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Discussion Starter #1
something i am considering now as far as which direction to head with next line of mods has lead me to a more practicle and affordable method which oddly enough is a single turbo set up on my 5.0 bird. Now i know its a basically stock drivetrain but i'm toying with the notion of installing a moderate setup. down here i have friends that own shops that are doing the LSX turbo setups thus i cut the middle man out through the friend network thus the turbo and related parts and tuning would be quite affordable comparing a full list of mods likebuilding the motor NA. I was thinking of maybe tuning out the maf and tuning it speed density, MFU, 42lbs injectors. just throwing it around in my head with out exact numbers but I believe the performance should be pretty reliable until **** starts to break lol.
 

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I dont think an sd system could keep up with what your talking about. Also if your looking for affordable, redoing your whole underhood harness with a computer probably isnt the best way. The early fox body guys switch to mass air because the computer will except some mods. I could be wrong but I think your going in the wrong direction. If you do want a somewhat affordable option pick up a used sc kit from a mustang. Then run it til the motor blows. You will still need a tune.
 

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One thing to consider - with a MAF, the air/lambda calculation is fairly straight forward.

With MAP, there IS no direct relationship, so you have to either look through a lookup or futz around with interpolation. Well, according to Banish, that is.

Why not leave it MAF equipped? That way, you don't have to compensate for the turbo in the tables or anything - it's a direct relationship between how much air is sucked in and how much HP you're producing for any given configuration.

RwP
 

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Discussion Starter #5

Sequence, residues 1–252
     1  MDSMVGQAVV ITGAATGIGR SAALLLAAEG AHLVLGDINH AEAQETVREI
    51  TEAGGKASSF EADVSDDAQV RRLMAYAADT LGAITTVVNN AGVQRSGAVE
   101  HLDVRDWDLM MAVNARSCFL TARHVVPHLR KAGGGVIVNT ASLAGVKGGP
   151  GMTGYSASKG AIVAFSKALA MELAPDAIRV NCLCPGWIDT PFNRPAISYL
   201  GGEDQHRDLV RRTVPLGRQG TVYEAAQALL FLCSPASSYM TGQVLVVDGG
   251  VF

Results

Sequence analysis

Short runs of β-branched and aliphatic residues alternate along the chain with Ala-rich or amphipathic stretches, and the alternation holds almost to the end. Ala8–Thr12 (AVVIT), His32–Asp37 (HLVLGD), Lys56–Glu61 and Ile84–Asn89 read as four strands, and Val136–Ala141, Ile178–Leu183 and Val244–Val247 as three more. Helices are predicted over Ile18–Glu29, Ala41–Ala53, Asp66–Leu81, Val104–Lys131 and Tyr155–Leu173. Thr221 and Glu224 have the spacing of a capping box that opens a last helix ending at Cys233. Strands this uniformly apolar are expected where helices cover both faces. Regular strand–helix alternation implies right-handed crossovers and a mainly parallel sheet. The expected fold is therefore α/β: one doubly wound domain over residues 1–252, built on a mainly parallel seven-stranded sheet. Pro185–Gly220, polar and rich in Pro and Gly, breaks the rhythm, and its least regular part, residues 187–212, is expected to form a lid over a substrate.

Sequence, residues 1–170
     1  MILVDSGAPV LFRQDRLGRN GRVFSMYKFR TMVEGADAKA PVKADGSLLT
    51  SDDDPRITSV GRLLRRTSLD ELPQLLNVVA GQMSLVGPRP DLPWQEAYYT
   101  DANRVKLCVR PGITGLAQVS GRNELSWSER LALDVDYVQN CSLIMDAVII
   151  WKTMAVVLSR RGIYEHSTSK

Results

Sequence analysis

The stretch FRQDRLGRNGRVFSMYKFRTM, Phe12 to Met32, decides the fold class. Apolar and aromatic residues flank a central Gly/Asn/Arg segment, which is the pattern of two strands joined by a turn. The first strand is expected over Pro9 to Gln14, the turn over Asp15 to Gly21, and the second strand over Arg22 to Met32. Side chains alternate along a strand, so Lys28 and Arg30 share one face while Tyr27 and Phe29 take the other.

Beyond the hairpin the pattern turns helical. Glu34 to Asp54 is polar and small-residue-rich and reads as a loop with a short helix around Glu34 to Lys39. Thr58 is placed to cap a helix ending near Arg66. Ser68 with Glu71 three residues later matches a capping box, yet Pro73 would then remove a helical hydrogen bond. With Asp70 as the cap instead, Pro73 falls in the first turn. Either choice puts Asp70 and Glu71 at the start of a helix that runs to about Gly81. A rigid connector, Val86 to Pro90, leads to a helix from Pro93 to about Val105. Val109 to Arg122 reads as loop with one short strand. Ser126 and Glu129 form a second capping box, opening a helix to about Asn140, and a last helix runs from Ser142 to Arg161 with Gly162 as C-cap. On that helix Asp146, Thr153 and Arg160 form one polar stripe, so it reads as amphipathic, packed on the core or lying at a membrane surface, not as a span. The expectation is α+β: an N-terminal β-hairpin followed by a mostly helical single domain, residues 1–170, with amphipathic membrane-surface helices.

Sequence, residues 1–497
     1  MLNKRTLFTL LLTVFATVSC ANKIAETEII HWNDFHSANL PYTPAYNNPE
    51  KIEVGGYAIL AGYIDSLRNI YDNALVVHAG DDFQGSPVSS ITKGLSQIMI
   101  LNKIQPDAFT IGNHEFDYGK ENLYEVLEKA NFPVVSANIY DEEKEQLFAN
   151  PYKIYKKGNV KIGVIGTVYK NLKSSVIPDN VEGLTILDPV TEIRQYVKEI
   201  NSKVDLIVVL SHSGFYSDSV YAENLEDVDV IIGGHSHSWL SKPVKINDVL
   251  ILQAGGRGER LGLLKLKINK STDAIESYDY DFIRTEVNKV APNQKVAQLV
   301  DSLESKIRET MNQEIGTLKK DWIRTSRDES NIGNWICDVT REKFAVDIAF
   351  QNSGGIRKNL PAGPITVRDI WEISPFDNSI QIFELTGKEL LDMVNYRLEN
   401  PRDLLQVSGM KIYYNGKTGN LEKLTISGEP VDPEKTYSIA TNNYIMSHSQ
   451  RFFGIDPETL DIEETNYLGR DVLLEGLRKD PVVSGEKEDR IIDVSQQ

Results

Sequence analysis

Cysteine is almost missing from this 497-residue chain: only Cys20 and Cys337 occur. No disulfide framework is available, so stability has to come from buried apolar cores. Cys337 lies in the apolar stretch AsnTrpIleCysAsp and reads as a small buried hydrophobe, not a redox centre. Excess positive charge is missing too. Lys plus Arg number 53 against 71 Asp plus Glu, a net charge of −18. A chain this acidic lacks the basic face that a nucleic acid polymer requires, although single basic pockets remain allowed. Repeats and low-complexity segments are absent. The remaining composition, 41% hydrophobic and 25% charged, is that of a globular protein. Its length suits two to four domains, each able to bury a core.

the underhood harness is a pick and pull item and spicing is just time consuming but cheap and just like i said why go with a map instead well here goes.
MAF systems use a sensor that measures the air density entering the engine rather that calculating it as with a speed density system. The MAF sensor has a heated wire that maintains a constant temperature.Air flowing through the MAF sensor cools the wire requiring more current through the wire to hold the constant temperature.The amount of current flowing through the wire is proportional to the air mass flowing through the MAF sensor.



MAF systems are used on many current production vehicles. On a high boost, big horsepower turbocharged engine however, speed density is a better way to go_One reason is because MAFs and engine computers a limit to how much of air flow they can read.Tuners can get around this limit by fudging tables, but at this level it is wise to switch to a speed density system.
The MAP sensor on most stock engines is a 1 bar MAP sensor.The atmospheric pressure at standard sea level is 1.013 bar, therefore, it cannot sense pressures above atmospheric.In other words, it cannot sense boost pressure.A 2 bar MAP sensor will sense up to about 14.5 psig, and a 3 bar MAP will sense about 29 psig.Remember that 1 bar is atmospheric pressure or 0 psig.



When tuning for speed density, you will need to replace your stock MAP sensor with either a 2 or 3 bar MAP sensor, depending on how much boost you want to run. 2 and 3 bar MAP sensors can be purchased from Summit Racing and other speed shops.Tuning for 2 and 3 bar speed density can be done with HPTuners, EFI Live, Bigstuff3, FAST XFI, Accel DFI among others.
 

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So, Kids93Bird, you're saying that the MAF sensor on a Thunderbird SC ... doesn't work?

Heh.

Find the transfer and use a Lightning MAF. Problem solved, with a junkyard / OTC part.

Where did you quote that bit from?

But eh. You want to do it the hard way, feel free to. Speed density WORKS, but it takes more grunt to work it up front for adequate performance. MAF, due to HOW it works, is a better solution for most people.

Checking RockAuto - the factory Motorcraft MAF is right at $90. The Lightning MAF, for the supercharged 5.4, is a horribly terribly overpriced ... $138. So, for $48, it's worth fighting speed density instead of the straight line MAF. :facepalm::zdunno:

Of course, Ford never produced a mass production supercharged vehicle that used from the factory a 2bar or 3bar MAF sensor. :sarcasm:

RwP
 

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Discussion Starter #7
So, Kids93Bird, you're saying that the MAF sensor on a Thunderbird SC ... doesn't work?

Heh.

Find the transfer and use a Lightning MAF. Problem solved, with a junkyard / OTC part.

Where did you quote that bit from?

But eh. You want to do it the hard way, feel free to. Speed density WORKS, but it takes more grunt to work it up front for adequate performance. MAF, due to HOW it works, is a better solution for most people.

Checking RockAuto - the factory Motorcraft MAF is right at $90. The Lightning MAF, for the supercharged 5.4, is a horribly terribly overpriced ... $138. So, for $48, it's worth fighting speed density instead of the straight line MAF. :facepalm::zdunno:

Of course, Ford never produced a mass production supercharged vehicle that used from the factory a 2bar or 3bar MAF sensor. :sarcasm: